Georgina took out the award with a stunning performance of Glitter and Be Gay and When Did I Fall In Love after a day of gruelling workshops and interviews with the judging panel.
The $20,000 prize was presented at a gala ceremony at Sydney’s Capitol Theatre this month, and will allow her to travel to New York to undertake further studies.
“Winning this is huge – it is essentially recognition from the industry, and to have that stamp of approval is such an honour,” she said.
“I can’t lie – it’s a pretty great way to start the year.
Queensland Conservatorium Director Professor Scott Harrison said the award was a “remarkable achievement”.
“This the most significant recognition for musical theatre in the country,” he said.
“Georgie was one of our first graduates from the Bachelor of Musical Theatre, and since then her career has gone from strength to strength.
“The success of our alumni reflects the calibre of teaching and learning happening at the Conservatorium – our students are given a world-class music education and are ready to make their mark in the industry when they graduate.”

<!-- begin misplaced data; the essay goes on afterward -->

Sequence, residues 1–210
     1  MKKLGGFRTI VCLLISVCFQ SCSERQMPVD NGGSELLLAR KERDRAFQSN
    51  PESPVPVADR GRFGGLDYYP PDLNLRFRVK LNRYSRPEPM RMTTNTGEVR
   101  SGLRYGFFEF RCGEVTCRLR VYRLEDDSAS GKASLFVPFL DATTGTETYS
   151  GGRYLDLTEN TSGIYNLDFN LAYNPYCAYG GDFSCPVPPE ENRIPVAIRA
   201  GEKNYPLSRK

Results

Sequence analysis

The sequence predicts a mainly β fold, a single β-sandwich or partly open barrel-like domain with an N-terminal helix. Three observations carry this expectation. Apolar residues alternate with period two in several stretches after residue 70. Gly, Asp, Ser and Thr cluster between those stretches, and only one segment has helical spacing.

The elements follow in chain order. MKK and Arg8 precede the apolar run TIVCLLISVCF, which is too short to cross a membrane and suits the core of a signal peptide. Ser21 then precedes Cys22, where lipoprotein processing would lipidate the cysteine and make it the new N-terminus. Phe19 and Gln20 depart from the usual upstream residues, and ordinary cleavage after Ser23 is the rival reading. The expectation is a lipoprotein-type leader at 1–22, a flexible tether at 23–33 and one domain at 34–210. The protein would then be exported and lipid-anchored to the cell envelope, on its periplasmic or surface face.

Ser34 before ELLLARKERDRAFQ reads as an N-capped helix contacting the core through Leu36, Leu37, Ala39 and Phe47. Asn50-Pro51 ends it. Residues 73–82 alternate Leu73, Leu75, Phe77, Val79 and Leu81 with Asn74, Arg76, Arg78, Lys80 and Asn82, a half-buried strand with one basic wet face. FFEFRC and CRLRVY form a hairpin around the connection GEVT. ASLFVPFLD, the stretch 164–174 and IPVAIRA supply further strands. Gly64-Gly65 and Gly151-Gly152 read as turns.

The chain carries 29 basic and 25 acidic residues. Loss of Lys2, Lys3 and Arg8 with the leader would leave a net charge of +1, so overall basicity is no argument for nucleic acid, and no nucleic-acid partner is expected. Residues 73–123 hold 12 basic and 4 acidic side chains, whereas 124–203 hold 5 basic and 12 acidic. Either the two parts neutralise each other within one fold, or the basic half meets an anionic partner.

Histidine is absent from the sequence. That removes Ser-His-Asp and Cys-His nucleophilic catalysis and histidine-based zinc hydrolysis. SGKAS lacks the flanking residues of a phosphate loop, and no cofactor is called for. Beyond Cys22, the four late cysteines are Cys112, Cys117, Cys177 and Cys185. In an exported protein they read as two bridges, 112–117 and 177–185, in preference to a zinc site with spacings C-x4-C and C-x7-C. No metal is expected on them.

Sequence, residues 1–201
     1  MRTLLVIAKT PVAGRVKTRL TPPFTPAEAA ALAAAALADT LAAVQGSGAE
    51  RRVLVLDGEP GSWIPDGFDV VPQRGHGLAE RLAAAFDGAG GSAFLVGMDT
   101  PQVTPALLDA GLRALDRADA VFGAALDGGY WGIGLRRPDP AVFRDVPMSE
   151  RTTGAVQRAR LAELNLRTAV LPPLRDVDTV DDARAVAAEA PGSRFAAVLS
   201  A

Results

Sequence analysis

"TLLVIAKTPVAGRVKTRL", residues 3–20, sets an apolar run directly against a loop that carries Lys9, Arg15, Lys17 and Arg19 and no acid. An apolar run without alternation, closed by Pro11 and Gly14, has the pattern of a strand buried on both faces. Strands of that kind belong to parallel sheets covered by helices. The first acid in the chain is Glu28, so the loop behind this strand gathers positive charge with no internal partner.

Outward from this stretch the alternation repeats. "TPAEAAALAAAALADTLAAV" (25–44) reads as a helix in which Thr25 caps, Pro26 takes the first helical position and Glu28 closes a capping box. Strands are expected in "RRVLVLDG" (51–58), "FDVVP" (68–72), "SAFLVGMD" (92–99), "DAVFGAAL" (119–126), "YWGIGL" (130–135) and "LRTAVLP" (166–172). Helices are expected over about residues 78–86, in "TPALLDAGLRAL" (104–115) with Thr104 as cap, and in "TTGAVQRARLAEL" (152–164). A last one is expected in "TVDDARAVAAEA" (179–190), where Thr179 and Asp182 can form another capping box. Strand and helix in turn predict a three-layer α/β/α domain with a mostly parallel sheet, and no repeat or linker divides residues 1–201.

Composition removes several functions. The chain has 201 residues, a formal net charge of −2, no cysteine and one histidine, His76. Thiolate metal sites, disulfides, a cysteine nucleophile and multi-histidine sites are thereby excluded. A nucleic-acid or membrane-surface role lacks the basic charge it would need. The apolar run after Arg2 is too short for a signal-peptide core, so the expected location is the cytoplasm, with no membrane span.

Georgina most recently performed in My Fair Lady under the direction of Julie Andrews as an ensemble member, and understudied the lead role of Eliza Doolittle. Her other theatre credits include Mary Poppins in Mary Poppins (Arts Centre, Gold Coast) and Sue Snell in Carrie (Brisbane Powerhouse).
She will use the endowment to undertake further studies in New York.
“My time at the Con felt like an amazing introduction to the industry, but I don’t believe that you ever stop learning,” she said.
“I can’t wait to get to Broadway and soak it all up – it’s really the home of musical theatre.
“I plan on spending a couple of months over there doing workshops in singing, acting and dance and seeing shows – it’s a dream come true.”
The Rob Guest Endowment Award was created following the death of one of Australia’s finest musical theatre performers, Rob Guest OBE. In recognition of his achievements in the musical theatre industry, the Rob Guest Endowment was established in his honour to help emerging young performers in the musical theatre industry.